EXTRACTED TEXT FROM:
COUNCIL OF THE EUROPEAN UNION
8 February 2000
NOTE from General Secretariat to Europol Working Party
No. prev. doc.: 13370/99 EUROPOL 48
Subject : Comments by delegations to the “First reflections concerning the Tampere Conclusions as far as they relate to Europol” as contained in doc. 13370/99 EUROPOL 48
RESPONSE BY THE UK DELEGATION
Recommendation 43 – Joint Investigation teams
We welcomed your view as the Working Group meeting that joint investigation teams should be implemented without undue delay and that the re-opening of the Europol Convention will not be necessary to achieve this. The Tampere Conclusions gave a clear mandate that teams should be formally set up urgently reinforcing what had been set out in the Amsterdam Treaty. The reopening of the Convention and the work that this would entail even if the mandate is kept very limited will delay the process unnecessarily. We share the view that a framework decision will provide the necessary solution.
Annex – Scenario for joint teams
We are generally content with this paper. However, we believe that Europol should only be part of the process where it can add value within its mandated fields. We are not convinced that it will always be necessary for Europol personnel to be physically present in the Member States where operations are being conducted. We also have some concern over the scenarios for how a joint team will be initiated. We believe that a combination of the two scenarios a) and b) is preferable. I attach a possible amendment.
Recommendation 44 – European Police Chiefs Operational Task Force
As I indicated at the meeting we consider that it is for the Article 36 Committee to make a decision about where the Task Force will sit within the Council structure and to offer a steer on the best way to take the initiative forward.
Very briefly, we are certain that the Task Force should consist of very senior level law enforcement officers who have the power to commit resources. In addition, we do not believe that it is appropriate or desirable or consistent with the Tampere recommendations for the Task Force to be a working group of Europol, although it will be essential for the Task Force to forge a good working relationship with them.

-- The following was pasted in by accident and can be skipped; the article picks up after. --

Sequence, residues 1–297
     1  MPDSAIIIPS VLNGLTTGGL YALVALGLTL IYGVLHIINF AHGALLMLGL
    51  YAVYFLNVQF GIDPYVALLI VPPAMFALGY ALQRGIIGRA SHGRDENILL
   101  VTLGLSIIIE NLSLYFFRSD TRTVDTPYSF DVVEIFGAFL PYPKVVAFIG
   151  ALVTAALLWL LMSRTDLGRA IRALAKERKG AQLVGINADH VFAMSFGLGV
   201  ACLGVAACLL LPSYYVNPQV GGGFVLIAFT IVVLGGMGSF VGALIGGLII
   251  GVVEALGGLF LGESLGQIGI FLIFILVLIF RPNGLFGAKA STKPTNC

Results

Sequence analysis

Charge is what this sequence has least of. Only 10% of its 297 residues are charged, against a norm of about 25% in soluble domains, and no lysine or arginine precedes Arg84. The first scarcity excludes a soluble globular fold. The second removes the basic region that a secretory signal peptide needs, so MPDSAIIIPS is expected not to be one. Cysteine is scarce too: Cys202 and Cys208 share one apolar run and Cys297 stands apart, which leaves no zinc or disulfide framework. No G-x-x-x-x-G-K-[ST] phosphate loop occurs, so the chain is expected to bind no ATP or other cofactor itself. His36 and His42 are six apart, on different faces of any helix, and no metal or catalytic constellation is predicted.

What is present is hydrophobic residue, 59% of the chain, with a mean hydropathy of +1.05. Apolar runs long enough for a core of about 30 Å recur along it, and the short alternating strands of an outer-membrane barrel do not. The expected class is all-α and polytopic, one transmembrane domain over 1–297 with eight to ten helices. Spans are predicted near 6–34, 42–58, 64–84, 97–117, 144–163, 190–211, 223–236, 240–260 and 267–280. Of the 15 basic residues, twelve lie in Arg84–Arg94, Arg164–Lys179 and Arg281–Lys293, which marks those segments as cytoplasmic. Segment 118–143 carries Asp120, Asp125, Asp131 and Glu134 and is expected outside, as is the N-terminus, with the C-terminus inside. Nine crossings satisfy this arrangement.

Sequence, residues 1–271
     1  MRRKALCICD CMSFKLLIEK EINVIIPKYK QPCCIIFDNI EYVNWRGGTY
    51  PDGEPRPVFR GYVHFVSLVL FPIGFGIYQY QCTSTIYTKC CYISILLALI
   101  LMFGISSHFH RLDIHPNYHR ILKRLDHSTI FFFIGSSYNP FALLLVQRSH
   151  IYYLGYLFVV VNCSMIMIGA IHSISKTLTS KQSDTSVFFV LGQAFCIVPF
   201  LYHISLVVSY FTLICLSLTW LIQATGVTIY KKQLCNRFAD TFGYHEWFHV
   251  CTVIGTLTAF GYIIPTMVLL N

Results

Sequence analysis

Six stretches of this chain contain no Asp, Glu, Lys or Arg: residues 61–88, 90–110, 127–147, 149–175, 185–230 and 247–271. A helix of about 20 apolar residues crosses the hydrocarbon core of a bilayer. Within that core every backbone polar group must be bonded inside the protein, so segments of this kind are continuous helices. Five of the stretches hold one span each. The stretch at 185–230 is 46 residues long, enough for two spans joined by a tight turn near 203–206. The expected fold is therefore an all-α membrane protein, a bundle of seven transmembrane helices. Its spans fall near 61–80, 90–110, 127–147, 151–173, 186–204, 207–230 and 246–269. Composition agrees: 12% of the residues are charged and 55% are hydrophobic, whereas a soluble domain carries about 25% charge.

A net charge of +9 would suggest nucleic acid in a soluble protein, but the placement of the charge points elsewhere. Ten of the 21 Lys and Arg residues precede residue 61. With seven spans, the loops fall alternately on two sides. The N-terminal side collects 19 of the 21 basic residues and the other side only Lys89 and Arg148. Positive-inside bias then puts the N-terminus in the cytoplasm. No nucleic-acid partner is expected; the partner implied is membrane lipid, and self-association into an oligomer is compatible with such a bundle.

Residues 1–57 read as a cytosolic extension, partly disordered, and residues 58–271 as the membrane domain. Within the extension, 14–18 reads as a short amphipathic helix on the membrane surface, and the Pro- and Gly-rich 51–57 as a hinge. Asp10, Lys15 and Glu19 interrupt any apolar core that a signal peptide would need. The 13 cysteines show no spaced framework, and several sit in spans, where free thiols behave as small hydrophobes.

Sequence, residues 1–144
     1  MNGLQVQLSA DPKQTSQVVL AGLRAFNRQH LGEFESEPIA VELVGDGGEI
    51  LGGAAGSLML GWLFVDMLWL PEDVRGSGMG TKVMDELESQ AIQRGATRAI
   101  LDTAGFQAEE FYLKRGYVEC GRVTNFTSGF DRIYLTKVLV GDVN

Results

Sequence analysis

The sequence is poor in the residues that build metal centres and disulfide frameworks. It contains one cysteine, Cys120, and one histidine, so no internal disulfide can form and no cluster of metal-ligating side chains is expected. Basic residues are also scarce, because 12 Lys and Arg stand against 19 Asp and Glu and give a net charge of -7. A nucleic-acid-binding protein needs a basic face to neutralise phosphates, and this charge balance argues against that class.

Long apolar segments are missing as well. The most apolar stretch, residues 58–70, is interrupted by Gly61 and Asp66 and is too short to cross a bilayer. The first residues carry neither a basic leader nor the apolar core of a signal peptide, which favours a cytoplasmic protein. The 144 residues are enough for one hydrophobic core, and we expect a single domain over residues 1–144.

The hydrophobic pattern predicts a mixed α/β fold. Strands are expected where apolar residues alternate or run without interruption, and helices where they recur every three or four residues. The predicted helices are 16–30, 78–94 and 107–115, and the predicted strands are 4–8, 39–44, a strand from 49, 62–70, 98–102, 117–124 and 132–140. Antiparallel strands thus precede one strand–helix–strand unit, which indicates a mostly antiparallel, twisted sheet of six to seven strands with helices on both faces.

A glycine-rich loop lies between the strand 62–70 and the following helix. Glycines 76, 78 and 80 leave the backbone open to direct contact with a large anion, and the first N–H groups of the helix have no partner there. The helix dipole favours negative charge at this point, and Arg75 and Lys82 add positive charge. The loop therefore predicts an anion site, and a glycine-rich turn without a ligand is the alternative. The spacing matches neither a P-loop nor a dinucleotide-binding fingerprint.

Necessary support and resources
Receiving operational data
We believe that consideration needs to be given to how Europol will store « operational data ». Article 10 of the Europol Convention is quite specific concerning the handling and storage of personal « operational » data within the Europol Computer system. The « Analytical Work File » system being the only approved method.
Europol to ask Member States to start investigations
We do not believe that it will be necessary to re-open the Convention to achieve this.
Recommendation 46 – Eurojust
We consider it necessary to have further details of the purpose and role of Eurojust before we can offer substantial or meaningful comments on its interaction with Europol.
Recommendation 51 – Transfer and analysis of operational data
We believe that the tracing, seizure and confiscation of the proceeds of crime is not the same as money laundering. Careful analysis of the Tampere conclusions is required before we can be certain that this is what was intended or before Europol’s mandate is extended to cover these areas.
Recommendation 56 – Money laundering
We consider that the extension of Europol’s mandate to cover money laundering will probably require the re-opening of the Convention. However, if this is necessary we consider that it should be done in a highly restricted and constructive way. The Convention should be re-opened for this specific purpose only.
ANNEX TO THE RESPONSE BY THE UK DELEGATION
Scenario for Joint Teams with Member States representatives having national functions and powers and Europol in a co-ordinating or support role
1. There are 2 scenarios for the formation of joint teams :
a) A case is started in a Member State and the comperent law enforcement agency recognises the international dimension at an early stage. The Member State initiates a Joint Investigation Team with other Member States involvement and requests Europol’s participation.
b) Europol receives information on an international case via information exchange, or as a result of the final outcome of intelligence work, Europol identifies criminal organisations acting on an international level in differing Member States. Europol draws this information to the attention of Member States who make a decision about the appropriateness of forming a joint team.
2. Europol will have a role in promoting Joint Investigation Teams, when, as an outcome of its intelligence activities, Joint Investigation Teams will be established in order to target serious international crime at the operational level.
3. These Joint Investigation Teams would operate on the basis of the project-based approach detailed within CRIMORG 167.
Source of this document: SEMDOC database
Statewatch European Monitoring and Documentation Centre